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The Carboniferous coal forests

Most of the world’s coal was laid down during the Carboniferous period, 360 million years ago.  And huge amounts of oxygen were released for the animals of the time to breathe.

Trees had actually appeared some 20 million years earlier.  But they didn’t get their big chance until after the Late Devonian extinction event  had set the scene.   Little seems to be known about what might have caused the extinction.  There’s an impact theory – there’s always an impact theory.  But on this occasion the evidence doesn’t seem to be terribly convincing.


On balance an earthly cause looks more likely.  There are signs of major changes in sea level at around this time.  There were climatic changes and changes in ocean chemistry as well.  So it’s tempting to blame plate tectonics and the super-continent cycle. 


However as soon as the extinction was over, massive forests appeared.  And the Devonian period gave way to the Carboniferous.   This forest scene comes from ‘History of Life’ by Richard Cowen. 


The trees were quite different from modern trees.  A major player was the  ‘clubmoss’ tree (colour picture: Hans Steur).  It could grow to more than 30 metres.  Another was the ‘horsetail’ tree which grew up to 20 metres.   These trees are clearly related to their modern brethren.  But the actual species died out at the end of the Carboniferous when conditions became colder and much drier.

The sea level had risen, and large areas of low-lying land had been covered by shallow seas and freshwater swamps.  The climate was also warm and wet.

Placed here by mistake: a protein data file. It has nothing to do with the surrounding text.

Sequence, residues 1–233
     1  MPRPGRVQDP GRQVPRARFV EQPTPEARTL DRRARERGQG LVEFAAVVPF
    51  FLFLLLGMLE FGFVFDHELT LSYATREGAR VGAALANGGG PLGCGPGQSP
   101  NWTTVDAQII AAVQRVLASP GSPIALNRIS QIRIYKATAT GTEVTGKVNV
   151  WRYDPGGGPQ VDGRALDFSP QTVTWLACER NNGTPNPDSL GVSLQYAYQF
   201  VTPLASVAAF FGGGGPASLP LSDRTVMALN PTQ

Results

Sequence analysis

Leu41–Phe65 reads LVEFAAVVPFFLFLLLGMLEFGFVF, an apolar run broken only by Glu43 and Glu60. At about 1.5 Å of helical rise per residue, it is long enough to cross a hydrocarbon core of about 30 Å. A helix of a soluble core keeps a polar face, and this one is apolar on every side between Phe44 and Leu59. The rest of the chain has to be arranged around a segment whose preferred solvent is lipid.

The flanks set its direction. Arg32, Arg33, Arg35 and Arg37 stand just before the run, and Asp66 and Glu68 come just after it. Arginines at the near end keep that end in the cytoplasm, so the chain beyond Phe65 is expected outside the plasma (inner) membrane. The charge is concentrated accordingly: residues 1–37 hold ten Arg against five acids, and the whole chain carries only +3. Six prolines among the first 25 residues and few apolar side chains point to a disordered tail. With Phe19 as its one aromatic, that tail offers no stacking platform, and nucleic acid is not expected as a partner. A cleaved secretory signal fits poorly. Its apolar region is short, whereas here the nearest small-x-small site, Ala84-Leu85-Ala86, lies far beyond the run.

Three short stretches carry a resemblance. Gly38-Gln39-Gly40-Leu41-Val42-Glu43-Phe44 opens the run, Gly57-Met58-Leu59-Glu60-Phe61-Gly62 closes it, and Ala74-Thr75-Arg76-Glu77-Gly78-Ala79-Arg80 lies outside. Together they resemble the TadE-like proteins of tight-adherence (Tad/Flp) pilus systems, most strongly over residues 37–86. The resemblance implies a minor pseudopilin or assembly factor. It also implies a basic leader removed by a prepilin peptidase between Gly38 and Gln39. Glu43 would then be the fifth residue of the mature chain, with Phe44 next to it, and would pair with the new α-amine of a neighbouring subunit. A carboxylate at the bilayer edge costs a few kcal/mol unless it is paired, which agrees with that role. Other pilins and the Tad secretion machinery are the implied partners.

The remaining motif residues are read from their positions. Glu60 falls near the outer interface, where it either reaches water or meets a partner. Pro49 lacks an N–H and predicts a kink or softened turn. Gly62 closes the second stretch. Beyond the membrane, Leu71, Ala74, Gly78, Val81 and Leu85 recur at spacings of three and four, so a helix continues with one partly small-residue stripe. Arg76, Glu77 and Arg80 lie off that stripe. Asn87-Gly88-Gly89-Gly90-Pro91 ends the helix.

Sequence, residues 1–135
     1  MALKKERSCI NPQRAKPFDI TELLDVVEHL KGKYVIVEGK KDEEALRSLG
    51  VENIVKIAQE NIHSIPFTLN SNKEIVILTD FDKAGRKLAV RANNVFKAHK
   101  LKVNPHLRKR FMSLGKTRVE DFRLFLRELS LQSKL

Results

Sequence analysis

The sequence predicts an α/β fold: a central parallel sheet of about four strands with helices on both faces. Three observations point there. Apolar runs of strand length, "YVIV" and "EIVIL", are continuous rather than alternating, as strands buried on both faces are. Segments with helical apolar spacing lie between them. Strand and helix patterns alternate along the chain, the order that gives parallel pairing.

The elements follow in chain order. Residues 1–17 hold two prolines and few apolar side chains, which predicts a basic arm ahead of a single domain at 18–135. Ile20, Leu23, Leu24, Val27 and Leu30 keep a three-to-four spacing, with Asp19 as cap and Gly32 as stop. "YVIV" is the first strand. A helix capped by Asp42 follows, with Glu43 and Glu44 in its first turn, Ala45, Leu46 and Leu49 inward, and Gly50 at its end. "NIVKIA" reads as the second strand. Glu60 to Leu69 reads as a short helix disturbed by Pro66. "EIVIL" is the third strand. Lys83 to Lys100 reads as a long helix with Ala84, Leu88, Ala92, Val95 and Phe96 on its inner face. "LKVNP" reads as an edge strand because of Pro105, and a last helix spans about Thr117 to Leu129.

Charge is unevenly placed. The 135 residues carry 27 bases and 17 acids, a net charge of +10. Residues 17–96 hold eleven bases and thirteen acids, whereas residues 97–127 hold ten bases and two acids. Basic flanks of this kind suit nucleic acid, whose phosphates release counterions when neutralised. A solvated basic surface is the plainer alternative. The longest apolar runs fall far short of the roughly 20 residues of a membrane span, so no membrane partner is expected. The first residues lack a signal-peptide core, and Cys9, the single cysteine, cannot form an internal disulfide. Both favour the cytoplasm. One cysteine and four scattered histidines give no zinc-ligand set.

These were ideal conditions for the laying down of coal seams.  Trees and other vegetation die and fall into the water; where they are quickly covered.  Oxygen is excluded.  So bacteria, bugs and fungi can’t attack the dead remains and rot them away. 


More falls on top; and before you know it you have a good thick deposit.


Eventually conditions change, and gravel and sand get deposited on top.  Over tens and hundreds of millions of years, other adventures befall the deposits.  And we end up with a coal seam, perhaps several kilometres underground.


During the Carboniferous – and as a result of all this ‘carbon burial’ – the amount of oxygen in the atmosphere grew to crazy heights, around 35% (more).  At these levels, dry wood combusts spontaneously.  Fortunately the coal forests were wet.  This was also the time of the giant dragonflies (see above link), with wingspans up to 2 feet.


The conditions changed again at the end of the Carboniferous, and as far as I know only limited amounts of coal have been laid down since.


 © C B Pease, December 07